What Happens When Sarah Cooper Speaks in Her Own Voice?


Was Donald Trump good for comedy? The comedian Lewis Black not too long ago answered this persistent query with an comprehensible tone of exhaustion, saying the president is “good for comedy in the way a stroke is good for a nap.”

Poking enjoyable at President Trump is each tough (how do you parody somebody who already looks as if one?) and means too straightforward, since any joke about “the orange man in the White House” will get low cost laughs, if not an applause break. Too many stand-ups lately pander to their base. And but, some comics have flourished throughout the Trump period, none extra so than Sarah Cooper, a breakout star whose on-line movies reinvigorated the custom of the presidential impression.

Responding to the newest occasions with the metabolism of cable information, she lip-syncs snippets of the president’s speeches or interviews from her condo, in her personal garments, with no try to mimic his look. She didn’t attempt to imitate him a lot as seize a buffoonish essence, zeroing in on moments the place the juxtaposition between cluelessness and confidence was most stark. Her followers vary from children to grandparents, and her success has now led to a shiny Netflix manufacturing, “Everything’s Fine” (which premiered Tuesday), a celebrity-rich, intermittently humorous sketch present that hangs on a story of apocalyptic doom. Cooper performs a chipper morning talk-show host struggling to take care of her smile because the world round her unravels. It’s historical past that begins as comedy and ends as horror.

“Everything’s Fine” is at times a conventional spoof of daytime television, poking fun at the mandatory cheer of cooking segments and cheesy transitions, as when Cooper introduces a segment with the rapper Megan Thee Stallion by saying: “A lot of us are working from home, but some of us are twerking from home.”

The satire becomes weirder as it widens its focus to subjects like QAnon, police shootings and environmental catastrophe. Cooper does spoof Trump, of course, but she is after the political world that led to his success. The show pivots to parody advertisements (Jon Hamm playing the My Pillow owner selling a Covid cure has a fun “Tim and Eric” vibe), news interviews like one with a robot chief executive played by Ben Stiller, and mock-documentary interludes, like a Ken Burns-style documentary on the history of Karens, featuring the voice of Whoopi Goldberg.

Cooper has an actor’s gift for saying one thing while indicating another; she gets a lot out of a down-turned lip or a darting eye. And this special shows that she can do much more than lip-sync; she has a promising future as an actor in television or movies. She’s currently developing a series for CBS.

She is a perfect foil to the disasters around her, both inside the show (the Wi-Fi goes out, racist white guests ask for her identification) and in the outside world (a meteor is heading toward Earth). A production guy played by Fred Armisen keeps calm, but his constantly shifting costume, from masks to helmets to a beekeeper suit, tells another story.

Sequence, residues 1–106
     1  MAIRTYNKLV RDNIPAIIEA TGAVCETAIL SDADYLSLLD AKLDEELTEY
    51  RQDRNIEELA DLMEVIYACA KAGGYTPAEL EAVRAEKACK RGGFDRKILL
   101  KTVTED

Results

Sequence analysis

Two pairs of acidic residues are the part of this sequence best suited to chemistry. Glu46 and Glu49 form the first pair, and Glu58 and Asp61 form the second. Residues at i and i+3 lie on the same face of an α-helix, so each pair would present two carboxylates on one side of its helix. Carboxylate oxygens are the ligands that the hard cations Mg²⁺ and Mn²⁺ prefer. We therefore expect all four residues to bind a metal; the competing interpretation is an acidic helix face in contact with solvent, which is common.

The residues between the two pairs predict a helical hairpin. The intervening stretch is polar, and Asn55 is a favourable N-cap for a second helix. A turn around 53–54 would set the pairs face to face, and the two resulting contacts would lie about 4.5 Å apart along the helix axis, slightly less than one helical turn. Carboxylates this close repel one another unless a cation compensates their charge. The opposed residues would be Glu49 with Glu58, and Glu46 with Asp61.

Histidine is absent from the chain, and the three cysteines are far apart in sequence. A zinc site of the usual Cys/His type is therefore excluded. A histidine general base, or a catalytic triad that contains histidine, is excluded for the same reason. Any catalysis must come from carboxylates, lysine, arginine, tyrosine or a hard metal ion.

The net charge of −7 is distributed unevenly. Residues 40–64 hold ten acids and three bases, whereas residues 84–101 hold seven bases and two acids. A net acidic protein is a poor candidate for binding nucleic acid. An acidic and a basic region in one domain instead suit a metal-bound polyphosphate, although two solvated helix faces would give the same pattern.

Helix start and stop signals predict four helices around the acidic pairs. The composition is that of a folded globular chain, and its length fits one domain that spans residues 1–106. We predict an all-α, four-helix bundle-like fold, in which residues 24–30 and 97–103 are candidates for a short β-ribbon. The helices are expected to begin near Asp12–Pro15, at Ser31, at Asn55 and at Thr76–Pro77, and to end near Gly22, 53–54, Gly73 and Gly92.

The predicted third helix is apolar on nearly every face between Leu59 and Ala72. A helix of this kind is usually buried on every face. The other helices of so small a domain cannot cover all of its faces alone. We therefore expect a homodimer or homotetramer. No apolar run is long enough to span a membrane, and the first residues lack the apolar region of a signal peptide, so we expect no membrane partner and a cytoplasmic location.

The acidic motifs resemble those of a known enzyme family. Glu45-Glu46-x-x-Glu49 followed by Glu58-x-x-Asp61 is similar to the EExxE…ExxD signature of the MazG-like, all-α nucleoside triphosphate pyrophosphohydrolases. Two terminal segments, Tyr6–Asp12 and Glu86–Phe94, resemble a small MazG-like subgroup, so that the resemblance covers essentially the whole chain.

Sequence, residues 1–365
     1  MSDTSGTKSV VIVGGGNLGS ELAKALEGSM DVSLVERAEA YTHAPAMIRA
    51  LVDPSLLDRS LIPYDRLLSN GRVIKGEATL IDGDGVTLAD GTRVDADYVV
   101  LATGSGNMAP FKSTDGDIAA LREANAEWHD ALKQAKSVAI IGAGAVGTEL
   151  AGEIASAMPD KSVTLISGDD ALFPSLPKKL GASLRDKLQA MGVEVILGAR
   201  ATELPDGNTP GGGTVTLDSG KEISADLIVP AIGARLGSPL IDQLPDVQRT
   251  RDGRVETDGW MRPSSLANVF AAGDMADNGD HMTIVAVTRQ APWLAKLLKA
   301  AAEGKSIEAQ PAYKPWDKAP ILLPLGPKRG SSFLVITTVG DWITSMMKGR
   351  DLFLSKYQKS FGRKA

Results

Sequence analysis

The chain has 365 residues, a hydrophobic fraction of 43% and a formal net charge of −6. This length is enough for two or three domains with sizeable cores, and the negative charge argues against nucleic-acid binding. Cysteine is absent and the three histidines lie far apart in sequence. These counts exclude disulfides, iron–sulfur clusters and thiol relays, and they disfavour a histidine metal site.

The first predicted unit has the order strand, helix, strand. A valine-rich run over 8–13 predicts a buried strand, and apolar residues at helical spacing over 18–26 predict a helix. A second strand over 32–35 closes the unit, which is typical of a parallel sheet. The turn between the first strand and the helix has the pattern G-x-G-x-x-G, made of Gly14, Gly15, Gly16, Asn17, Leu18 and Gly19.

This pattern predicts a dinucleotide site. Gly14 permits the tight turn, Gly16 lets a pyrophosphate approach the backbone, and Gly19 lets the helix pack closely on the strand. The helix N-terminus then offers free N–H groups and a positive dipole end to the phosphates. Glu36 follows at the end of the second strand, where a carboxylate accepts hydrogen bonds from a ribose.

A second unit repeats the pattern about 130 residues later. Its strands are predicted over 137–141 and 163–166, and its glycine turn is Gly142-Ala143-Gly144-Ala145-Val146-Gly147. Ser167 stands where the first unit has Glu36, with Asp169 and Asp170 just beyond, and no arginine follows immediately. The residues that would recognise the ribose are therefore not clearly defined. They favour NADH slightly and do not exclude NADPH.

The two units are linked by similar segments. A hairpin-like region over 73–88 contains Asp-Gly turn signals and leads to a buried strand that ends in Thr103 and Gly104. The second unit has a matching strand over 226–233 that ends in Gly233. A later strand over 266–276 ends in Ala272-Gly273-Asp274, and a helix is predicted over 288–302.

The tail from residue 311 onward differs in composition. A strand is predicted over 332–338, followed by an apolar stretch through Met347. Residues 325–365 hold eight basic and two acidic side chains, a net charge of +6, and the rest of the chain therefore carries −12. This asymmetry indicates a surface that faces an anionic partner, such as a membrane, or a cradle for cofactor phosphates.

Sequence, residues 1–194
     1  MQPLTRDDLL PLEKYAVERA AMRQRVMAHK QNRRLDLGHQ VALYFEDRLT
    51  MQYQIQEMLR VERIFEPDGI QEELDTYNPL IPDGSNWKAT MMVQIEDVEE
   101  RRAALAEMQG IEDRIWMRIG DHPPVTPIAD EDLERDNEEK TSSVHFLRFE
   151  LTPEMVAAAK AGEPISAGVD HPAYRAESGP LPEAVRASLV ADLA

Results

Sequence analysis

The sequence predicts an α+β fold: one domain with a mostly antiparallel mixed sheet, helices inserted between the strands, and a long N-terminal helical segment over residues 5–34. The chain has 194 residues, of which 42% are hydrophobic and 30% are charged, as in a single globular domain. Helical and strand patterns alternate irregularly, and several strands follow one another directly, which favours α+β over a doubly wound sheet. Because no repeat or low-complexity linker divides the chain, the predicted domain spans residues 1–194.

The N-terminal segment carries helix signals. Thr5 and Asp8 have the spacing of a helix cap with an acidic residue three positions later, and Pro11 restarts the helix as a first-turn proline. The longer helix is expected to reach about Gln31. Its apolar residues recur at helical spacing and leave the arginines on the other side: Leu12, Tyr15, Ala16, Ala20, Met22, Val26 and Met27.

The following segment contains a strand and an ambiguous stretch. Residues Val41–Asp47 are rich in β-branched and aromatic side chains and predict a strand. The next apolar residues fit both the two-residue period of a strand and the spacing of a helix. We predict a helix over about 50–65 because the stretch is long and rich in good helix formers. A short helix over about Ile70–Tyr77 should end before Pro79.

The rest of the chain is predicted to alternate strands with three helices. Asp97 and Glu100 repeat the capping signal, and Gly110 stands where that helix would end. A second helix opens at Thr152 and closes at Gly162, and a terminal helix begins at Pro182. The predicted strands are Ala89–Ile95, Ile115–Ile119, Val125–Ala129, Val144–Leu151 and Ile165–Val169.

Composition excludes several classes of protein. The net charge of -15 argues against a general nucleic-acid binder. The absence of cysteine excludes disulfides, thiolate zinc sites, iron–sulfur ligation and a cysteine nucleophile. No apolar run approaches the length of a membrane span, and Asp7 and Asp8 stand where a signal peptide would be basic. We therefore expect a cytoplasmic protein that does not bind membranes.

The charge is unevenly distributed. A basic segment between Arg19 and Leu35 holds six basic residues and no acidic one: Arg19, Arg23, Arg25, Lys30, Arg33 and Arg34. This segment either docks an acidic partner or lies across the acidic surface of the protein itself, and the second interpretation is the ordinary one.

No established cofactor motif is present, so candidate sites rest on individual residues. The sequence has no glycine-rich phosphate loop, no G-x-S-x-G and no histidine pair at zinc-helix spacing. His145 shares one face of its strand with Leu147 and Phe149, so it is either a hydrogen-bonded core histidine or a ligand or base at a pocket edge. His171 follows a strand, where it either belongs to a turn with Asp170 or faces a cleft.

A staggering number of celebrity cameos (Winona Ryder, Helen Mirren, Aubrey Plaza, Connie Chung) surround the new star, whom everyone keeps calling “Sarah Cooper” as if she’s not yet on a first-name basis with anyone. The comic ideas vary wildly in quality and tone, with a few too many decent but undeveloped ideas, like Cooper struggling to do close-up magic at a drive-in.

“Everything’s Fine” often feels like an episode of “Saturday Night Live,” but at its best, it coheres in stranger, more nightmarish territory. In the final 10 minutes, amid a darkening color palette that evokes a Dario Argento scare sequence, she seems not just frightened by world events, but paralyzed, trapped. Many will relate. Like the recent “South Park” special and the new “Borat,” this show invents a back story for the chaos of the pandemic, finding a comic conspiracy that escalates the stakes.

But this broader story still has some connective tissue with Cooper’s more streamlined videos, and not just because she lip-syncs the president along with his wife and daughter. Seen from a certain angle, becoming famous for performing in the voice of Donald Trump is its own kind of trap. Cooper draws attention to this body-snatching aspect in one subplot in which she responds to producers in the control booth who say they were looking for a nonthreatening Black anchor. “When my parents named me Sarah,” she says, “I feel like a white lady moved into my body and gentrified my whole personality.”

There’s another short, amusing sketch that imagines a version of “Get Out” set at Mar-a-Lago that plays on similar themes. But Jordan Peele made a horror movie whose scares were goosed by comedy; Cooper’s show is a comedy that gets so dark that it can’t go anywhere but horror.



Source link Nytimes.com

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